Attribution will get (slightly) better
Email is perhaps the best digital marketing channel available to marketers today. The problem for many, however, is the difficulty in attributing email’s influence on direct sales. This has been a problem throughout 2017 and it’ll continue to be an issue in 2018. While attribution will remain a problem, there are a few opportunities for marketers to realize improvements.
First is email’s main advantage: data. Email collects a lot of data on user behavior, and 2018 may see the current available data in an email become even more granular. For example, marketers will be able to boost the interaction available in their emails.
Depending on how an organization deploys interactivity, users could purchase items directly from email. Such innovations could give marketers the attribution they need to boost their email marketing program. AI, too, could potentially give marketers the attribution they’re looking for by providing context in user activities and detecting previously unseen interactions across channels.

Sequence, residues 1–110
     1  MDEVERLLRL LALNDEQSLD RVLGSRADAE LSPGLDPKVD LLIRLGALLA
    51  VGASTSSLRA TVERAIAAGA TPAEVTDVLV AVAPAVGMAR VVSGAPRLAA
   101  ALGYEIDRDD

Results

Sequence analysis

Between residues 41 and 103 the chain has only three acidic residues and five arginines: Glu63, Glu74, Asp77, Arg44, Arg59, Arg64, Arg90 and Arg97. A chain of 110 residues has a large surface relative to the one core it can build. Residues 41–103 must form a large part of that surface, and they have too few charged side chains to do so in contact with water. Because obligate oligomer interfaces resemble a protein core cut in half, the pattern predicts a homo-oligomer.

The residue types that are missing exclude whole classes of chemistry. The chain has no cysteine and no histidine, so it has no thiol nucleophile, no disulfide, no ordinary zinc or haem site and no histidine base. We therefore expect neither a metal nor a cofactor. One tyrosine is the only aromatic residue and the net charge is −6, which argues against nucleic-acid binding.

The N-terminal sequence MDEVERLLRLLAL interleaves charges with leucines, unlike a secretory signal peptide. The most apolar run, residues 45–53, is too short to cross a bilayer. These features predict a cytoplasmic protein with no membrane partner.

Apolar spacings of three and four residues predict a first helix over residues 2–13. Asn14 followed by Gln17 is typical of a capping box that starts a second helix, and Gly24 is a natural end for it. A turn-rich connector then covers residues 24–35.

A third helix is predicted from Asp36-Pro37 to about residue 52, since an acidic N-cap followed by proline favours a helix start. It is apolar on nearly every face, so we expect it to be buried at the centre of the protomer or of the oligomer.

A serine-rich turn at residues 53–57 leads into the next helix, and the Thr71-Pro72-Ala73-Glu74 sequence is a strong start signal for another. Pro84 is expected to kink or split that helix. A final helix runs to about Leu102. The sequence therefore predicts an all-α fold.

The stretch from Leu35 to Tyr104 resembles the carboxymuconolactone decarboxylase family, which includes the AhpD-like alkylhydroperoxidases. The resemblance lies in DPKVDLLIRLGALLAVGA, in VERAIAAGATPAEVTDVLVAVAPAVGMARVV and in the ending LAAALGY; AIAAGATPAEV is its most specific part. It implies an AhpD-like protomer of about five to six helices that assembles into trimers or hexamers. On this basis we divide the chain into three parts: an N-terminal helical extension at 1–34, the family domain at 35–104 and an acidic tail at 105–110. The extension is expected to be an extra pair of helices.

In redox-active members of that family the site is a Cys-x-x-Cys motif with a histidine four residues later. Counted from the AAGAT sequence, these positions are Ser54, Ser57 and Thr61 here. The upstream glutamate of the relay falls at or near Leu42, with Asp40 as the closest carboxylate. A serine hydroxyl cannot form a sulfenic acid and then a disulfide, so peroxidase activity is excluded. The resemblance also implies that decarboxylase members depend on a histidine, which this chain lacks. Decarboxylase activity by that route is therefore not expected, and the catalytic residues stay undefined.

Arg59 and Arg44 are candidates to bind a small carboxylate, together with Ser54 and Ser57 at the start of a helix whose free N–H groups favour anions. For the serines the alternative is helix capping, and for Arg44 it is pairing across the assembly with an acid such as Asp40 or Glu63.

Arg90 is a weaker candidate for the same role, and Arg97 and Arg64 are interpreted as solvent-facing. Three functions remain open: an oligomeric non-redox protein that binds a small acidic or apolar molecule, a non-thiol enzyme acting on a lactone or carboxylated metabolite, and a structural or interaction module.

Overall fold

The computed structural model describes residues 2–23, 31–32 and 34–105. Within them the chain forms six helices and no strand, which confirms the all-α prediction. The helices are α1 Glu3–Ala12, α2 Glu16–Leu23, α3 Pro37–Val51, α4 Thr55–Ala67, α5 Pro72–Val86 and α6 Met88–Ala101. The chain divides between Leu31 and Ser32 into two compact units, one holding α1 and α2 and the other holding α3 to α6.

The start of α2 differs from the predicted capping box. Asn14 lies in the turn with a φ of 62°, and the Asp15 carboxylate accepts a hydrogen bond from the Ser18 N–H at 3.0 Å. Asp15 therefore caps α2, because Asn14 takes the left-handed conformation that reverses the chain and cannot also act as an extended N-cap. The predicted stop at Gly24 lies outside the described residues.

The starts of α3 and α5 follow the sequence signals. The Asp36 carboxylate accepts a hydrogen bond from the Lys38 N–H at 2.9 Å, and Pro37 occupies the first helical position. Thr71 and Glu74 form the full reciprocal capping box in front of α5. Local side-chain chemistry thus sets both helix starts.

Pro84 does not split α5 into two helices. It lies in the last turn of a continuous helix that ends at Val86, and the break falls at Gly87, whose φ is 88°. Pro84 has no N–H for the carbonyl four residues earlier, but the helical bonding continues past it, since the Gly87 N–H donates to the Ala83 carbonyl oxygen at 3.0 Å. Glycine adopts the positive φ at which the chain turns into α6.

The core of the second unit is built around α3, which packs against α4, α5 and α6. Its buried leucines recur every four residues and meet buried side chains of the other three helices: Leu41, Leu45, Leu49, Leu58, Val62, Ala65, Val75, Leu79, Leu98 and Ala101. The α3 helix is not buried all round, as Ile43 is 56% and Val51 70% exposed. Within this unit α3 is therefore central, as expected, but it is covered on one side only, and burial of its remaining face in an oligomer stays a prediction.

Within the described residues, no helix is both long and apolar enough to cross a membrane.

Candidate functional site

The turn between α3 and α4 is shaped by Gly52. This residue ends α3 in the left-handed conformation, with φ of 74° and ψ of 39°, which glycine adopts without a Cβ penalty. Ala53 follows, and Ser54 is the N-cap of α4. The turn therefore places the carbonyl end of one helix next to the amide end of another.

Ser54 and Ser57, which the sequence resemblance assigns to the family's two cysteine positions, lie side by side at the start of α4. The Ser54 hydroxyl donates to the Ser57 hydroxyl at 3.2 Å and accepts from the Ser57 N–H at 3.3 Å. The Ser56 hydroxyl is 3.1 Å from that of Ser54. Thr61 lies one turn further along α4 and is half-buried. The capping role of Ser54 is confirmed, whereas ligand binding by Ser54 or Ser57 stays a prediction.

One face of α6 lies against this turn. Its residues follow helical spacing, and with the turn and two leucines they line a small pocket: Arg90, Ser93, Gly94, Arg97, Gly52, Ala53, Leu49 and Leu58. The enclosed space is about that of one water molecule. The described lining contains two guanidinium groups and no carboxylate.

For email marketers, 2017 was a solid year. It laid the foundations for data-rich experiences, which should enable marketers to better personalize and communicate with subscribers in 2018. The year ahead will both test the viability of these new methods and reinforce the need to follow best practices, such as list segmentation, email cadence, A/B testing and building a solid relationship with the subscriber. If email marketers understand where your reader’s priorities are — from convenience to trust — 2018 should be a great year.
*Scott Heimes serves as Chief Marketing Officer at SendGrid, where he is responsible for the company’s brand strategy, driving demand for its solutions and leading global marketing operations. Scott oversees corporate marketing, demand generation, corporate communications, partnerships and alliances, international expansion and SendGrid’s community development team.